Marker-assisted selection for maize streak virus resistance and concomitant conventional selection for Downy Mildew resistance in a maize population.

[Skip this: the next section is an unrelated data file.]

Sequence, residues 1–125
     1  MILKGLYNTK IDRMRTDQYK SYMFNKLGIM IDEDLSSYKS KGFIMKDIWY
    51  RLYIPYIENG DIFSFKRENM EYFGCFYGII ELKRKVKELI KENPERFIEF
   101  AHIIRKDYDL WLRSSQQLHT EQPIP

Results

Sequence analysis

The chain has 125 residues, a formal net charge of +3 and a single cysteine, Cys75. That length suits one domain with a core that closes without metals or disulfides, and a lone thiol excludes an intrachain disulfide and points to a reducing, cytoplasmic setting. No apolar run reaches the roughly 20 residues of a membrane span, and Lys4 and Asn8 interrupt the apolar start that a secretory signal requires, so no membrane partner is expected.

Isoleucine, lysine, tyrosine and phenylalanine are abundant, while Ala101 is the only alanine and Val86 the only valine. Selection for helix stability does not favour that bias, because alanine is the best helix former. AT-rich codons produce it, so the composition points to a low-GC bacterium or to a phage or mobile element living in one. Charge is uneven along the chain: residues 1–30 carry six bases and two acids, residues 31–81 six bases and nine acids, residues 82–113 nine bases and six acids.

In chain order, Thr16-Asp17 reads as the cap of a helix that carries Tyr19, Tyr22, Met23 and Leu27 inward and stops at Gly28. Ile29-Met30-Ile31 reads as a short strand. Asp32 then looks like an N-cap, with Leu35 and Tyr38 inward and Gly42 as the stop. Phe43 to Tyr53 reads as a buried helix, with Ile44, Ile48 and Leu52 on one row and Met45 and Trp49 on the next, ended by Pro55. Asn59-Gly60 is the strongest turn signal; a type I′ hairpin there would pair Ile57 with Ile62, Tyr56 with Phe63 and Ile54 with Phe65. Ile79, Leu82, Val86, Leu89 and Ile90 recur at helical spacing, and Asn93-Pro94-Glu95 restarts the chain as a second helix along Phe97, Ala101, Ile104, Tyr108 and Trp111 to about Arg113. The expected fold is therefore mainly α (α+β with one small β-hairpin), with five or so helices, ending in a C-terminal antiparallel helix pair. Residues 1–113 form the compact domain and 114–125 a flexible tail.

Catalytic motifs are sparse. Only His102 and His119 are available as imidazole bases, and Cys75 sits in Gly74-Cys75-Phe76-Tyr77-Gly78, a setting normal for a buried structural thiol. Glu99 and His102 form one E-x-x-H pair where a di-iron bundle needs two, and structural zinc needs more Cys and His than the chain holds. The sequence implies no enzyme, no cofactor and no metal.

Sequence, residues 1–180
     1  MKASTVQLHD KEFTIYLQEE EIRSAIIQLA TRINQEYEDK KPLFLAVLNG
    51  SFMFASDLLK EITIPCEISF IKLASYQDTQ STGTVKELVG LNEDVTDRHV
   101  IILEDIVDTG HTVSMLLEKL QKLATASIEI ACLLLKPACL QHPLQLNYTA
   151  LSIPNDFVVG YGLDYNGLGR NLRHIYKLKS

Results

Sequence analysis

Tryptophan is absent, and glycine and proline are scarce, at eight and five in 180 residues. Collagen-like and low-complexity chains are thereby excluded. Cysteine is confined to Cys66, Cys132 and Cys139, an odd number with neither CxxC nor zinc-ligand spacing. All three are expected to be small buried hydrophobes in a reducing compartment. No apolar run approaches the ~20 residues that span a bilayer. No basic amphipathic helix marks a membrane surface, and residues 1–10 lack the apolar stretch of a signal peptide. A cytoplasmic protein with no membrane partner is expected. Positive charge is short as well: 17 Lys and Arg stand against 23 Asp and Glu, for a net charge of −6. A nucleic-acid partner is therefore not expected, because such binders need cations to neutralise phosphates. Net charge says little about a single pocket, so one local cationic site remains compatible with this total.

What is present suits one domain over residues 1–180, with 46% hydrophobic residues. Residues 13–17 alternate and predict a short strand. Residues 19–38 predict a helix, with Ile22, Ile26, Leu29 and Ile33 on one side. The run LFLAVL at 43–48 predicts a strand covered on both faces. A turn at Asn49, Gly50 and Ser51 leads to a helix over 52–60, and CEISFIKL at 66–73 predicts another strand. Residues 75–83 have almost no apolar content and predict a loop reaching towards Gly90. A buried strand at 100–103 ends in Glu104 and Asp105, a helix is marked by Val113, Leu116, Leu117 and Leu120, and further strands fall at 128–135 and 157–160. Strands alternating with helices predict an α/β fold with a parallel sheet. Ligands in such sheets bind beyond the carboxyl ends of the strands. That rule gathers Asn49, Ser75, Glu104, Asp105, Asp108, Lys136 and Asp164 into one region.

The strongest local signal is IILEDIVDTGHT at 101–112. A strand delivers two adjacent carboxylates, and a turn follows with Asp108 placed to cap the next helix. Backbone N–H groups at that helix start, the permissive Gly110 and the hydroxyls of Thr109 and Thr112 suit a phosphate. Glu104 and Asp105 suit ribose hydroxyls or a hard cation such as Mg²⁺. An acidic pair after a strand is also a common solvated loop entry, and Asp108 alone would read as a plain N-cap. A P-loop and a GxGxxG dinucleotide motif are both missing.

Maize streak virus (MSV) disease, transmitted by leafhoppers (Cicadulina mbila, Naude), and maize downy mildew (DM) disease caused by Peronosclerospora sorghi (Weston and Uppal) Shaw, are major contributing factors to low maize yields in Africa. These two diseases threaten maize production in Mozambique, thus the importance of breeding Mozambican maize varieties that carry resistance to these diseases. Marker-assisted selection (MAS) was employed to pyramid MSV and DM disease resistant genes into a single genetic background through simultaneous selection. Firstly, it was essential to determine the genetic diversity of MSV disease resistance in 25 elite maize inbred lines to aid in the selection of suitable lines for the introgression of the msv1 gene; and subsequently, to introduce the msv1 resistance gene cluster from two inbred lines, CM505 and CML509, which were identified as the ideal parental lines for the introgression of MSV disease resistance into a locally adapted Mozambican inbred line LP23 that had DM background resistance. Pyramiding the resistance genes by the use of simple sequence repeat (SSR) molecular markers to track the MSV gene cluster was investigated in 118 F3 progeny derived from crosses of CML505 x LP23 and CML509 x LP23. High resolution melt (HRM) analysis using the markers umc2228 and bnlg1811 detected 29 MSV resistant lines. At the International Maize and Wheat Improvement Centre (CIMMYT) in Zimbabwe, MSV disease expression of the 118 F3 progeny lines was assessed under artificial inoculation conditions with viruliferous leafhoppers and the effect of the MSV disease on plant height was measured. Thirty-seven family lines exhibited MSV and DM (DM incidence ≤50) disease resistance. Individual plants from a total of 41 progeny lines, that exhibited MSV disease severity ratings of 2.5 or less in both locations within each of the F3 family lines, were selected based on the presence of the msv1 gene based on SSR data, or field DM disease resistance, and were then advanced to the F4 generation to be fixed for use to improve maize hybrids in Mozambique for MSV resistance. Simultaneous trials were run at Chokwe Research Station in Mozambique for MSV and DM disease assessment, under natural and artificial disease infestation, respectively. Thus the MSV and DM genes were effectively pyramided. Lines with both MSV and DM resistance were advanced to the F4 generation and will be fixed for use to improve maize hybrids in Mozambique for MSV and DM resistance, which will have positive implications on food security in Mozambique. This research discusses the results of combined selection with both artificial inoculation and the three selected SSR markers. It was concluded that a conventional maize breeder can successfully use molecular markers to improve selection intensity and maximise genetic gain.
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